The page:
August 11, 2004

Fire, police unions say talks stalled


The firefighters union said yesterday it wants to go to arbitration quickly because its negotiations with the city on a new contract have been fruitless.

However, the Bloomberg administration gave no indication it would agree, meaning the current contract impasse could continue for the foreseeable future.

The city police union has already sought the intervention of a mediator in its contract dispute, the first step in a lengthy process that could end up with the appointment of an arbitration panel.

The continuing dispute means that people coming for the Republican National Convention at the end of the month can expect protests by off-duty police, firefighters and other city workers.

Off-duty police and firefighters have begun popping up at public appearances by Mayor Michael Bloomberg in recent days to demand he make them a better offer.

The mayor's chief spokesman, Edward Skyler, repeated the administration position yesterday: that an earlier agreement with some civilians union will be the pattern for all unions.

That deal was first reached with District Council 37, the largest municipal union, and called for pay raises of 5 percent over three years and a $1,000 signing bonus.

The council and its locals have some of the lowest-paid employees in the city work force, and the $1,000 bonus was seen by some other unions as the equivalent of a cash bribe to cash-strapped workers.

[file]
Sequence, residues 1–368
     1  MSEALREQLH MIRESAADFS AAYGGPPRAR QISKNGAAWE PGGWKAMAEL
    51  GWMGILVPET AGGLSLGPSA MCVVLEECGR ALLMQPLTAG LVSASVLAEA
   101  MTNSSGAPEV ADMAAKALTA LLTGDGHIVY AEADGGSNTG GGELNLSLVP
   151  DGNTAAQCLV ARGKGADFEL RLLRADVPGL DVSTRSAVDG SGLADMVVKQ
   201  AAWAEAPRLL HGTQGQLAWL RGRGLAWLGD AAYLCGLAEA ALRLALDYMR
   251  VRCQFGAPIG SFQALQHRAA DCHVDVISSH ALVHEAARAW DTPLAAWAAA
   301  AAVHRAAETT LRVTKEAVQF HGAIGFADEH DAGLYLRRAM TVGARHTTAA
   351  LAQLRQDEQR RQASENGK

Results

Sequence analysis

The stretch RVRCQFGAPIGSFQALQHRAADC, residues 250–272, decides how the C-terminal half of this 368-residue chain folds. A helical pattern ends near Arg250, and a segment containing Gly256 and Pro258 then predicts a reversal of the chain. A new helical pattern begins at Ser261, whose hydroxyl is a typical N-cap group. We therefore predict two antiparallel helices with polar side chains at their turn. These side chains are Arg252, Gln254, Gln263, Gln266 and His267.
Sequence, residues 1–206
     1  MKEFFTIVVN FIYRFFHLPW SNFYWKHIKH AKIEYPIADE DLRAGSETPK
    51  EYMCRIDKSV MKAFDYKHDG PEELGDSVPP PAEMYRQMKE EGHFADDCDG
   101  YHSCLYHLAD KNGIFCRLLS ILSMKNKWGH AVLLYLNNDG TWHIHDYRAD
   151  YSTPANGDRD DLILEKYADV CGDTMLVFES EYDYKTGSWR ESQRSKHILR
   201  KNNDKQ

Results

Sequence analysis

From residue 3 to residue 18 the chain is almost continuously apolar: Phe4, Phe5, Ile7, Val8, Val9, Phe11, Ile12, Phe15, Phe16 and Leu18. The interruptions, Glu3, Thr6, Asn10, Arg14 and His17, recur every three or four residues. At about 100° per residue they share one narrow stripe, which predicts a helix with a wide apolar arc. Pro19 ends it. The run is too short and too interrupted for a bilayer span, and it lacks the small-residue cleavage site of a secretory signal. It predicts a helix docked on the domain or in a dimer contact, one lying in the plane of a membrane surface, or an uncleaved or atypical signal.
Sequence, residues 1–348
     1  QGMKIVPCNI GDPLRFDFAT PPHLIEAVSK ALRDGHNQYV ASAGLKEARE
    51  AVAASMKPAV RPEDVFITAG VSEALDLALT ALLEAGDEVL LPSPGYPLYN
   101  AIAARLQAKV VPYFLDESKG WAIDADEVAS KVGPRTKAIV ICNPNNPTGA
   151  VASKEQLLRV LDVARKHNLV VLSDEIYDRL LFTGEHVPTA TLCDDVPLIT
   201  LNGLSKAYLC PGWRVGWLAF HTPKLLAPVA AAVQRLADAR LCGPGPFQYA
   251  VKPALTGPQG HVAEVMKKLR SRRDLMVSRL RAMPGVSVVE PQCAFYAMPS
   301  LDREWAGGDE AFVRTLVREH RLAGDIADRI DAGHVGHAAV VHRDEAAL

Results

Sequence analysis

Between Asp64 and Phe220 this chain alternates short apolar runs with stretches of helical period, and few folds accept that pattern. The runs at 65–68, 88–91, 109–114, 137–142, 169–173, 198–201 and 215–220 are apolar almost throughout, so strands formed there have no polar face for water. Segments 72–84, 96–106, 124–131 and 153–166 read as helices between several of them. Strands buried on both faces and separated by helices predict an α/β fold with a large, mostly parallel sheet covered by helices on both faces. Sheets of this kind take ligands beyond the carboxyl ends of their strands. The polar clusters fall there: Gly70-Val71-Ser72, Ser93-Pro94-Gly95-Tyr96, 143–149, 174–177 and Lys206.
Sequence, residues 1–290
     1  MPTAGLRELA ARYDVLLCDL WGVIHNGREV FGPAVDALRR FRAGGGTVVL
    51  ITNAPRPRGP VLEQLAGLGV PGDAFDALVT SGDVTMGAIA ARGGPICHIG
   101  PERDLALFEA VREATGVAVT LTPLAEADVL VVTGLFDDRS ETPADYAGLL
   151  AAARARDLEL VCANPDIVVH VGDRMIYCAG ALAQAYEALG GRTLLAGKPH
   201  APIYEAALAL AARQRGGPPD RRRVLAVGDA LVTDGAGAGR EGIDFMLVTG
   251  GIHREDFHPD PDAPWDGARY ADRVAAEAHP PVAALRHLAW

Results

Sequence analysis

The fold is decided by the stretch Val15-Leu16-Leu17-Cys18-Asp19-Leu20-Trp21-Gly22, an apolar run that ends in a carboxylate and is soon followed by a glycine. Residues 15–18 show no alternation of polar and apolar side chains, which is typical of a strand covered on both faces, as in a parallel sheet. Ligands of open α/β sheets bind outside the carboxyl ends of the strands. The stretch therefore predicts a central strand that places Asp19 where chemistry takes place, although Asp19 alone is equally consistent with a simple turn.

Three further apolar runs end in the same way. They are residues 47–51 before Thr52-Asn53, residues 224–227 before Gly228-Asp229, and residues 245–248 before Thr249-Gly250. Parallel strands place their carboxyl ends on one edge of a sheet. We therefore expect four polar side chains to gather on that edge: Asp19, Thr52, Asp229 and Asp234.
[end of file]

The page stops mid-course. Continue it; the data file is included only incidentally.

Yesterday, Skyler said both the police and fire unions had been offered raises of up to 8 percent in return for concessions.

Skyler did not elaborate, but proposals the city had broached earlier would require police officers to work more days a year, have firefighters change work hours and accept other changes that the unions call "givebacks" and the mayor calls "productivity."

The public comments by the police and unions leaders have sharpened as the impasse drags on, with some of them refusing to rule out an illegal strike or other unspecified actions.

"Everyone has a limit, and the mayor needs to know we're close to our limit," said Stephen Cassidy, president of the Uniformed Firefighters Association.

Both unions have been without a contract for more than two years, not unusual in municipal labor history, meaning that even if they reach new three-year agreements, they will expire by next summer — just as Bloomberg is running for re-election.